• Government rolls over for developers - yet again….

    11th December 2014 | News | Claire
  • Change to planning guidelines means less cash for communities with small new-builds
    Sites with a few homes will escape demand for neighbourhood contributions

    Changes in government guidance on what councils can ask small developers to pay for community benefits are set to hit the provision of open spaces, sports and play areas and even education upgrades in East Devon.

    Until recently, anyone who wanted to build an estate of new homes was required to offset the impact the new households would have on existing amenities by making a ‘Section 106’ financial contribution towards improvements.

    But changes announced by the Government at the beginning of December mean that East Devon District Council and other affected planning authorities will no longer be able to collect play and sport contributions on residential developments of less than ten units in Exmouth, Honiton, Seaton and Sidmouth and less than six units in the rest of the district. Education contributions are affected in the same way.


    The Government has introduced this change to reduce the financial burden of these obligations on small-scale developments to encourage builders to get building. The different trigger-points based on house numbers are intended to differentiate between ‘urban’ and ‘rural’ areas.

    The result of this change in guidance is that affected councils can no longer require builders of small-scale developments to make payments for amenities designed to offset the impact that the extra homes will place on local infrastructure.

    There is still a presumption that permission will be granted without this amenity contribution so long as the development is acceptable from a planning perspective in all other respects.

    Councillor Helen Parr, Chairman of East Devon District Council’s Development Management Committee, said: “We expect this change to result in a significant loss of funding for infrastructure in our communities while developments that place extra demands on infrastructure will continue to be built. Unfortunately there is very little we can do about this change since the strong objections that we voiced during the consultation on this matter have not been heeded”.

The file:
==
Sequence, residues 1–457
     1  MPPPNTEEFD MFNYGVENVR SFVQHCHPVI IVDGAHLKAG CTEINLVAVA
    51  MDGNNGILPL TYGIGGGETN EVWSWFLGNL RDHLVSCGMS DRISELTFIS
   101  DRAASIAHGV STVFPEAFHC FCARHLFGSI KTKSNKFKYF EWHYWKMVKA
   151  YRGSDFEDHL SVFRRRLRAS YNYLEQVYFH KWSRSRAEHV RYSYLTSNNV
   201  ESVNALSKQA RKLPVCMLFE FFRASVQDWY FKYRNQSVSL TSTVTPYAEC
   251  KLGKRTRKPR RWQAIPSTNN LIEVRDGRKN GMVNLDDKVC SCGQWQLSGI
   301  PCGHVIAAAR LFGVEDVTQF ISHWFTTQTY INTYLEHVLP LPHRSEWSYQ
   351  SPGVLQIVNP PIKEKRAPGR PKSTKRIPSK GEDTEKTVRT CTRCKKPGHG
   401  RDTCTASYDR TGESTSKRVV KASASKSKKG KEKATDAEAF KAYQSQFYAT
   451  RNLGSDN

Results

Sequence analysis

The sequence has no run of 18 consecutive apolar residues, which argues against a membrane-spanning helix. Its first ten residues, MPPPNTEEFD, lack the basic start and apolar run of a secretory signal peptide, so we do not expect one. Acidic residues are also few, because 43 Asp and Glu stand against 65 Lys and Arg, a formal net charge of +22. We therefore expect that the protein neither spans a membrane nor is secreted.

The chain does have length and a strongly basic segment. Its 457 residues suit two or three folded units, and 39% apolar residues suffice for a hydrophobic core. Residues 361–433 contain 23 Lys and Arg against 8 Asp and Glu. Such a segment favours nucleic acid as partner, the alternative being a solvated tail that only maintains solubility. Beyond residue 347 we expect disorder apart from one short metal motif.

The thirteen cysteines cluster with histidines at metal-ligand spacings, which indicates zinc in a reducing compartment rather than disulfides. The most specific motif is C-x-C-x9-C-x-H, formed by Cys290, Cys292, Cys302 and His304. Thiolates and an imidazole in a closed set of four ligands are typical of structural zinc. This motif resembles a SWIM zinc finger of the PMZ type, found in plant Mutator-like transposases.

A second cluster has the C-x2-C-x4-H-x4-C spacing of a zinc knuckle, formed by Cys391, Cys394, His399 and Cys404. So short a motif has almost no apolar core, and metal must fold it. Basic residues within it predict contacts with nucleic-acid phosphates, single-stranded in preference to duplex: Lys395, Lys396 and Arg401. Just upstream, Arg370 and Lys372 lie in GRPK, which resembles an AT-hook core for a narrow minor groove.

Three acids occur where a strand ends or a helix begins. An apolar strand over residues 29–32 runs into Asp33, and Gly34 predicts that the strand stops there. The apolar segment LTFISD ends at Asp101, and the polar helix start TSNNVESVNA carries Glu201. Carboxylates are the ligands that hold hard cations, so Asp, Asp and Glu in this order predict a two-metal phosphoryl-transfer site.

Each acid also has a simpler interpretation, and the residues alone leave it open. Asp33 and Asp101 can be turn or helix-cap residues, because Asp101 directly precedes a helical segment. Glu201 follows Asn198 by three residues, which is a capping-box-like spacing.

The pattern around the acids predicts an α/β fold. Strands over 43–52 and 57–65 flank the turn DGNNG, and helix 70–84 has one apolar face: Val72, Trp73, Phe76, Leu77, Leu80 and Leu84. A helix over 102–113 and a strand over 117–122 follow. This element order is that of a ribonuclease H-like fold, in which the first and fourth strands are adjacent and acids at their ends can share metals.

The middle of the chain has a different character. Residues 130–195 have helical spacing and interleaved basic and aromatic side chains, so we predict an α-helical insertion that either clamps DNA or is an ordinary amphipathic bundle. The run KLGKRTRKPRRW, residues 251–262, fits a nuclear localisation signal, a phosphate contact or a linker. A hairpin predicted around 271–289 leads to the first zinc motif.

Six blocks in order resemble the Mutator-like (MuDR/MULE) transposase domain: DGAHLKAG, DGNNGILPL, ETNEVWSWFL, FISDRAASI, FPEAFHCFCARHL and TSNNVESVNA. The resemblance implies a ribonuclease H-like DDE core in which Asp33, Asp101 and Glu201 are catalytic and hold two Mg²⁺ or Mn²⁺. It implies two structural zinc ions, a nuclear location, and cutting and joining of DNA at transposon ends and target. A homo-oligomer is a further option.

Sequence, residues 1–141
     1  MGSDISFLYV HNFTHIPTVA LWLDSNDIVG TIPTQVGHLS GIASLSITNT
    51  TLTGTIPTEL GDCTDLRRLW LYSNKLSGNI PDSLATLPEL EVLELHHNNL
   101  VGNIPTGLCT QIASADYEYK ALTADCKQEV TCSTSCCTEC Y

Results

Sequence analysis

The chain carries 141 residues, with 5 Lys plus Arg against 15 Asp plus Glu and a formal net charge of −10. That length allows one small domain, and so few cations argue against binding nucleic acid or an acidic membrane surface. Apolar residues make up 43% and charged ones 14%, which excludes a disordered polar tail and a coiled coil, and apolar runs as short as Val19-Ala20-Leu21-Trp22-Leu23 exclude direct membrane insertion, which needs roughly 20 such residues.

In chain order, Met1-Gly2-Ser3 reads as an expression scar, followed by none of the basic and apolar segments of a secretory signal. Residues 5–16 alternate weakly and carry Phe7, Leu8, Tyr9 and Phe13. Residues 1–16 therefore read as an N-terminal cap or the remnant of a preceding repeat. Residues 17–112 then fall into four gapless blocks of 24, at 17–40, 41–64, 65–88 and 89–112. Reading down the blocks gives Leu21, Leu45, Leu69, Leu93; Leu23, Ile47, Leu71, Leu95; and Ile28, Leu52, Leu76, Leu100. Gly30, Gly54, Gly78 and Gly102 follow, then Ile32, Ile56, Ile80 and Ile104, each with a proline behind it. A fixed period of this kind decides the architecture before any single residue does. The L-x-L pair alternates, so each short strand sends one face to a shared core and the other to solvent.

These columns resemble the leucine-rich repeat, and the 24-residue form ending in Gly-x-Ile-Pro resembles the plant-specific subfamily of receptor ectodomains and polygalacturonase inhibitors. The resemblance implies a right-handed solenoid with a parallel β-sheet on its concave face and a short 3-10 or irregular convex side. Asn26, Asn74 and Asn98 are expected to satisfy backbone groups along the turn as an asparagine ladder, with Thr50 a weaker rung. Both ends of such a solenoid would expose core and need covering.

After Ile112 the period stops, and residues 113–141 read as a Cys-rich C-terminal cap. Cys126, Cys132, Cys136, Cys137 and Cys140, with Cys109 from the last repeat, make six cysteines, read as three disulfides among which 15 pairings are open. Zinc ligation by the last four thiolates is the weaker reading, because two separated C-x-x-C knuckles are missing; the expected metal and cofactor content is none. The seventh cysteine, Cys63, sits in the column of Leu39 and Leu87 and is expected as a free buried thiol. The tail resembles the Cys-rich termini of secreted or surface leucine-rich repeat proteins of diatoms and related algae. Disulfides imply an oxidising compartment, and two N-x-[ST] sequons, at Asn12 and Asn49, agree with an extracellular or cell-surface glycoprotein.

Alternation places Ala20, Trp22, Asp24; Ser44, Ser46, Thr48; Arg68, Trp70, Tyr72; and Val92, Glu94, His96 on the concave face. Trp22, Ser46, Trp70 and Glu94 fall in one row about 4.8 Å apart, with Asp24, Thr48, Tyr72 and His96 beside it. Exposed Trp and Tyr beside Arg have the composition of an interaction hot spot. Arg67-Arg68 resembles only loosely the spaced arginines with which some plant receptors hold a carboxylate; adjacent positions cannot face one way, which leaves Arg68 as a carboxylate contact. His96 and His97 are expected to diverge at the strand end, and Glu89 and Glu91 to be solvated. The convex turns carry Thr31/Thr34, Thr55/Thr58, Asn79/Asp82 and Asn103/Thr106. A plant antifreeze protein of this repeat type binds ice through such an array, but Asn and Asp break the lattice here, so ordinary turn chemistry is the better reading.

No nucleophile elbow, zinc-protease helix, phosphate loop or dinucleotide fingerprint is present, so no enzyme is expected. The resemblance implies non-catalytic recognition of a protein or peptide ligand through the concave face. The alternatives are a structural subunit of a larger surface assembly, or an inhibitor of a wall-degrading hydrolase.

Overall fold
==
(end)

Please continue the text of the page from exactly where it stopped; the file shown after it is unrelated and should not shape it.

Contributions towards mitigating the impact of development on the Exe Estuary and Pebblebed Heaths can still be secured, as these are protected under EU legislation.

    No power

    The district council’s planning teams are now checking all live applications that fit the profile of the new guidance and where appropriate will be removing the requirement for contributions towards open space facilities. The council does not propose to re-consult on these changes since it has no power to oppose them.

    East Devon is not alone in having to deal with the new situation, as this national guidance affects all other local planning authorities to a lesser or greater extent.

    The changes will have some impact on East Devon’s draft Local Plan because the council had proposed that all new residential developments should contribute towards the provision of affordable housing through a policy in the new plan.

    The same six or ten-home trigger-points just announced also apply to affordable housing and so this approach will no longer be possible. The implications of this are currently being considered as changes may need to be made to the draft Local Plan currently being examined by an Inspector.